situated on the lattice sites, and from it the periodic potential v
eﬀ
(r)
is constructed, using the localdensity approximation (1.2.9). The band
structure is then determined for this potential and n(r) recalculated,
in analogy with (1.2.6), by summing over occupied states, those be
neath the Fermi level. This procedure is repeated until the potential
selfconsistently reproduces itself, and the energy bands have converged
to the desired accuracy. The band structure can be considered as being
1.3 THE METALLIC STATE 27
Fig. 1.8. The band structure of fcc α–Ce, calculated by Skriver.
The orbital angular momentum of some states at symmetry points in the
zone is indicated, including the top and bottom of the narrow bands. The
doubleheaded arrow indicates the spin–orbit splitting of a 4f state.
composed of a broad freeelectronlike sp band, crossed by and hybridiz
ing both strongly and weakly with the d and f bands. The occupation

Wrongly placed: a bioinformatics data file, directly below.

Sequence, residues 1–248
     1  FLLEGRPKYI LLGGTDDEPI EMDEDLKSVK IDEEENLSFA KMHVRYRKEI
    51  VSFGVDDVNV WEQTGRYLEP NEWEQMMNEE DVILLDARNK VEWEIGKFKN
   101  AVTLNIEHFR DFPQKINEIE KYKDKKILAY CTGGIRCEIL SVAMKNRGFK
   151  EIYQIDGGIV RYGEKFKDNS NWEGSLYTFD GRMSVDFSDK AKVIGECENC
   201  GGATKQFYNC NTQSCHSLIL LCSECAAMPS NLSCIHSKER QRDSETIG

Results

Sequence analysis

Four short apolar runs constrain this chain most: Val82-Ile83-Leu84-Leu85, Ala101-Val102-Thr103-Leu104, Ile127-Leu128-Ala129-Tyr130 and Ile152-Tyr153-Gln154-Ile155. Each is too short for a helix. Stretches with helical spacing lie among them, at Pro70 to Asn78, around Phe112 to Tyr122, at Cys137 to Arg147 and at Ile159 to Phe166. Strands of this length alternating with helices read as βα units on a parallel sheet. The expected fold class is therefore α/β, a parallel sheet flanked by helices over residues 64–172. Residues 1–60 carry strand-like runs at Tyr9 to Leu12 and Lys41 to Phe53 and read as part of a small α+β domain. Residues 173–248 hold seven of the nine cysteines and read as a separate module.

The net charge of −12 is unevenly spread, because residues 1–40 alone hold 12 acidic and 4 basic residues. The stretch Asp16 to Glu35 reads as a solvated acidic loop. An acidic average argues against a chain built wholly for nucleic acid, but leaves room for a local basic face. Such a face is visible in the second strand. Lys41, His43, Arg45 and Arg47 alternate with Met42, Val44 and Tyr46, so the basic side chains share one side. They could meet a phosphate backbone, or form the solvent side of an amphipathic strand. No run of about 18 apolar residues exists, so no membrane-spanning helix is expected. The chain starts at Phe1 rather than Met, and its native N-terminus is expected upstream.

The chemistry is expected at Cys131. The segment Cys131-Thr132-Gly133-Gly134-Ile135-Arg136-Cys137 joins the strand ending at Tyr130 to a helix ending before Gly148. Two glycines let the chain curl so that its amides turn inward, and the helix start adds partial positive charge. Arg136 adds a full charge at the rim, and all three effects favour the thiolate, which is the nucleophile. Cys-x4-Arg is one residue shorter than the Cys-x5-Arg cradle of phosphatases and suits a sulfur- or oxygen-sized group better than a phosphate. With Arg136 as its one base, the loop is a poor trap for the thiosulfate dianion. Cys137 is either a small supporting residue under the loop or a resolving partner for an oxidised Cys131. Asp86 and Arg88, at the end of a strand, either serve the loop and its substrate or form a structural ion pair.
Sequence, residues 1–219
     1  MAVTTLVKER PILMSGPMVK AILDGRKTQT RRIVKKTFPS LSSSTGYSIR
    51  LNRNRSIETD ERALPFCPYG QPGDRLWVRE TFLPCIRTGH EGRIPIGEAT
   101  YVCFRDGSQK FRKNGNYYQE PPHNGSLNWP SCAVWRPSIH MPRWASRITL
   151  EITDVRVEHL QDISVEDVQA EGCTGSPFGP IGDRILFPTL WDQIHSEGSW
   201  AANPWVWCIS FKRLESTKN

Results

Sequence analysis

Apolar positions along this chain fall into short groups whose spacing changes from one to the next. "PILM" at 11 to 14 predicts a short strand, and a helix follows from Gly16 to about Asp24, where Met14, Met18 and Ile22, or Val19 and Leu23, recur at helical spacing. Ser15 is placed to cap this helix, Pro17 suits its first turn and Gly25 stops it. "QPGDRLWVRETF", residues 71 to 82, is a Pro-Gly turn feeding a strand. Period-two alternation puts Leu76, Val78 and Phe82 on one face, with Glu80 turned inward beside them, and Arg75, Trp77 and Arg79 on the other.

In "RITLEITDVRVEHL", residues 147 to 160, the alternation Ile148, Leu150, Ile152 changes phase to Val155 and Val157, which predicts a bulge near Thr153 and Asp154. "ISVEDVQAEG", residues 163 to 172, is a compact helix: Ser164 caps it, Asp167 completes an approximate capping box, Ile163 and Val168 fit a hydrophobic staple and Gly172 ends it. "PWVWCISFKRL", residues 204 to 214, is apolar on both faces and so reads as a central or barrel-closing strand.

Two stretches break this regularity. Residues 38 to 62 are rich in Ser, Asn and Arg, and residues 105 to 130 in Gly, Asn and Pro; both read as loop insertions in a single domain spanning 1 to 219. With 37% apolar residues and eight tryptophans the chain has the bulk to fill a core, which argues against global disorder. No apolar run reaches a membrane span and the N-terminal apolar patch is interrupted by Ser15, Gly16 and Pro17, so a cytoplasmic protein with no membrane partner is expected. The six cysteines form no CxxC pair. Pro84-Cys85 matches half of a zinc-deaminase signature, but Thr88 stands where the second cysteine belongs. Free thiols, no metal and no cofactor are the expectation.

numbers n
l
of the various states given in Table 1.3 make it clear that
α–Ce may be classiﬁed as both a d and an fband transition metal.
The above description of the f states in α–Ce as occupying the
bottom of an f band is now generally accepted as valid, but the cor
rect treatment of the f electrons in the rare earth metals, and especially
Ce, was a matter of lengthy controversy. According to the standard
model, which is generally applicable to rare earth magnetism, an inte
gral number of f electrons are localized on each ion, subject to the same
intraionic interactions as in the free atom. The Pauling–Zachariasen
promotional model for the γ–α phase transition in Ce, which associ
ated the transition with the transfer of a single f electron on each ion
to a d state, with a concomitant decrease of about 6% in the fcc lattice
28 1. ELEMENTS OF RARE EARTH MAGNETISM
constant, was therefore consistent with the standard model. However the
positronannihilation experiments of Gustafson and Mackintosh (1964)
showed that the change in f occupancy, when the transition was induced
by a change in temperature, was much less than one, and indeed that